SeaMonkey 2 contributor interviews: Ratty

Here’s the second installment of a series of interviews with SeaMonkey 2.0 contributors, let’s hand over the stage to someone known as “Ratty” on IRC:
Who are you?
James Bolivar DiGriz, aka “Slippery Jim”, aka The Stainless Steel Rat. Criminal Mastermind.
Or perhaps not. Let’s try again.
Name: Philip Chee.
Where from: I live in Ipoh, Malaysia.
Daytime work: Currently I’m a self-unemployed IT consultant but previously I was the head of the IT department of a manufacturing company. I have ten years experience installing and managing Netware and Solaris servers, Oracle databases, and Oracle Financials. The most notable thing I did as part of that job I think was writing a two way interface between an Oracle Financials installation and an instance of the Maximo plant maintenence system entirely in PL/SQL.
Other notable things: I’ve been involved in science fiction fandom since the early 1980s and have been to several worldcons including Conspiracy ’87 held at the Brighton Metropole (which at that time was run by the “Manager from Hell”). I plan to be at the Melbourne worldcon in 2010. See you there Sander!
How did you become a SeaMonkey contributor?
I started as a Flashblock contributor at the time when the current developers had given up support for the then Mozilla Suite. I revived support for the Suite and then continued making sure that Flashblock ran on the latest versions of SeaMonkey. Eventually I became the project owner.
As time progressed more and more extension developers were abandoning support for the Mozilla Suite or just writing extensions solely for Firefox. I became increasingly irritated that extensions that I really wanted to use only ran on Firefox. In particular there were two extensions that I wanted to use, Dev Boi and Scrapbook, but I had to start Firefox everytime I wanted to use them. So I set out to port the extensions I needed to SeaMonkey. Early on I wrote xSidebar for SeaMonkey to implement a minimal Firefox API compatibility layer to make it easier for me to port Firefox extensions. At first I was only doing extensions that I personally wanted but early on I started an extension porting service whereby SeaMonkey users would request extensions to be ported and this proved amazingly popular. To date I’ve ported more than a hundred Firefox and Thunderbird extensions to SeaMonkey. This gave me a unique insight into the API differences between Firefox and SeaMonkey and led Chris Thomas (CTho) to invite me to join #seamonkey. Incidentally CTho was convinced that “Jim diGriz” was my real identity and that “Phil Chee” was just an online pseudonym. He took some unconvincing 😀 .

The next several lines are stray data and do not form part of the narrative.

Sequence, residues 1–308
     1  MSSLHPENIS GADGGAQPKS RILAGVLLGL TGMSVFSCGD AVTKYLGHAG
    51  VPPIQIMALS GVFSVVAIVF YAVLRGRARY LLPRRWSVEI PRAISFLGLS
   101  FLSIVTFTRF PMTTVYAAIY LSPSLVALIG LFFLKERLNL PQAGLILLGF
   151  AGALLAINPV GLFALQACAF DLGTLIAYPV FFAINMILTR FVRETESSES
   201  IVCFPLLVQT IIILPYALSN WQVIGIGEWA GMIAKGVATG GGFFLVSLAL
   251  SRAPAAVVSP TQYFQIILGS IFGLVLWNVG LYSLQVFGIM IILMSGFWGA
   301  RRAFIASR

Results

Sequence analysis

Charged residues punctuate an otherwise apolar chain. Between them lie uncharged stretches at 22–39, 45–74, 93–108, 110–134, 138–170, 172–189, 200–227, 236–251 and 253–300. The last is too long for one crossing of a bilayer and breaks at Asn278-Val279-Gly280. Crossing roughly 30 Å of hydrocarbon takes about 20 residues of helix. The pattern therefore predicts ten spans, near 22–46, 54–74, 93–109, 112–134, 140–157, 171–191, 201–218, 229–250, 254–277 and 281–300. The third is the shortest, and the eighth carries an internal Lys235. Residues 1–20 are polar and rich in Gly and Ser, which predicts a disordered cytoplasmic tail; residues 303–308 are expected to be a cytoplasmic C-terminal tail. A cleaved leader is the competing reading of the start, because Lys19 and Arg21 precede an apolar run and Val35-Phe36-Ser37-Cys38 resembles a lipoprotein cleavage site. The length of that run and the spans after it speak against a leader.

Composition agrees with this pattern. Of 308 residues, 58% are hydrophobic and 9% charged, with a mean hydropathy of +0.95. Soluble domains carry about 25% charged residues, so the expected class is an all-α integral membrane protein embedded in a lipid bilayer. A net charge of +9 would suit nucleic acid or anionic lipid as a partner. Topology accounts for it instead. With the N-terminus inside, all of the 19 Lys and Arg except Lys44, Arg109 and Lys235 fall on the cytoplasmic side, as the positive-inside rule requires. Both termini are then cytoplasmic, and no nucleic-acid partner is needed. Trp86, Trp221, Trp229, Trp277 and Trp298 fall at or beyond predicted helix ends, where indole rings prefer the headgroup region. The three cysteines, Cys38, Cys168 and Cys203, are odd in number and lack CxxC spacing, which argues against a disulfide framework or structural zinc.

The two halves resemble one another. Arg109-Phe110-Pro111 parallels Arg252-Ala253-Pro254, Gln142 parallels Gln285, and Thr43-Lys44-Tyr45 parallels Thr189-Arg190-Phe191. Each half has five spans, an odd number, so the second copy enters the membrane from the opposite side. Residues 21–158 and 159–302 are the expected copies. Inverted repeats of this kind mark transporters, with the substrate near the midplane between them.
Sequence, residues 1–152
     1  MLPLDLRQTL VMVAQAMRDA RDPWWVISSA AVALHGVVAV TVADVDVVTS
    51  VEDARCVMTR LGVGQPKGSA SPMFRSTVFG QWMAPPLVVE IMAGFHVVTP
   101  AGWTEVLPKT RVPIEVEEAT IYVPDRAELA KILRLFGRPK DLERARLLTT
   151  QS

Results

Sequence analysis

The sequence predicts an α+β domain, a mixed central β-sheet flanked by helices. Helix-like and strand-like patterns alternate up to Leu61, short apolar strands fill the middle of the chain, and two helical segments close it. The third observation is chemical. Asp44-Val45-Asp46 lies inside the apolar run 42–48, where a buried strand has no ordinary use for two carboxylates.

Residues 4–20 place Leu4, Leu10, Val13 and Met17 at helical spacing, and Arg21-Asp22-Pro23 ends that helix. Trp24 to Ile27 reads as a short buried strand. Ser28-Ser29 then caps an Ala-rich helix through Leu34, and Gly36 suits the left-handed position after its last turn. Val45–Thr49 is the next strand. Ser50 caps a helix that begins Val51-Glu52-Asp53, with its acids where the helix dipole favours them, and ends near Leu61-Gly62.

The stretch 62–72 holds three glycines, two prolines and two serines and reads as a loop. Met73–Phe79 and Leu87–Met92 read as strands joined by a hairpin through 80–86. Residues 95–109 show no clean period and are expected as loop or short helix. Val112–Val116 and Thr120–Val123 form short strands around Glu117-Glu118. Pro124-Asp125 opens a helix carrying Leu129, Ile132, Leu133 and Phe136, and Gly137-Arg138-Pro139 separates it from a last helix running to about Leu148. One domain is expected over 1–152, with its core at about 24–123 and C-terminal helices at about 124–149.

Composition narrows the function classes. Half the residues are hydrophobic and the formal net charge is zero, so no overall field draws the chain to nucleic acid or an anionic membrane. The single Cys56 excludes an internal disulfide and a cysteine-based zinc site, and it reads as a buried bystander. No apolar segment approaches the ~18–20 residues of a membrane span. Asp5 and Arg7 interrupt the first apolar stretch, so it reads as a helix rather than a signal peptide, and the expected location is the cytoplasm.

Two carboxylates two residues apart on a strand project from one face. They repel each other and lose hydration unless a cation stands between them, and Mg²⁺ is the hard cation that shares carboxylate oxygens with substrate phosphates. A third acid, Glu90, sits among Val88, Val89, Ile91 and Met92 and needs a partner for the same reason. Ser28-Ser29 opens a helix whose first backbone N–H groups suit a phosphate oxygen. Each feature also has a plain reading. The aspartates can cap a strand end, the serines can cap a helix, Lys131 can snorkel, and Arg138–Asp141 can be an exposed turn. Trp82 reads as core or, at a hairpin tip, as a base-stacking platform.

What notable contribution did you make to SeaMonkey 2.0?
Implementing customizable toolbars in SeaMonkey which at that time was one of the major UI advantages that Firefox had over SeaMonkey.
How can users give something back to you?
I’ve turned on the “Contributions” button on the Flashblock page at Contributions happily accepted.
Why, in your eyes, should people use SeaMonkey 2.0?
SeaMonkey 2.0 is the latest iteration of the internet suite and contains the latest advances in Mozilla technologies. Unlike Firefox, SeaMonkey is aimed at power users and as such is more configurable out of the box in comparison.
What next step do you see for SeaMonkey, and what would you like to happen in the Mozilla and SeaMonkey projects?
To quote Buzz Lightyear: To Infinity and Beyond!

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One Response to SeaMonkey 2 contributor interviews: Ratty

  1. Harold Peters Inskipp says:

    So that’s where you’ve been hiding, you aging con man, Jim!

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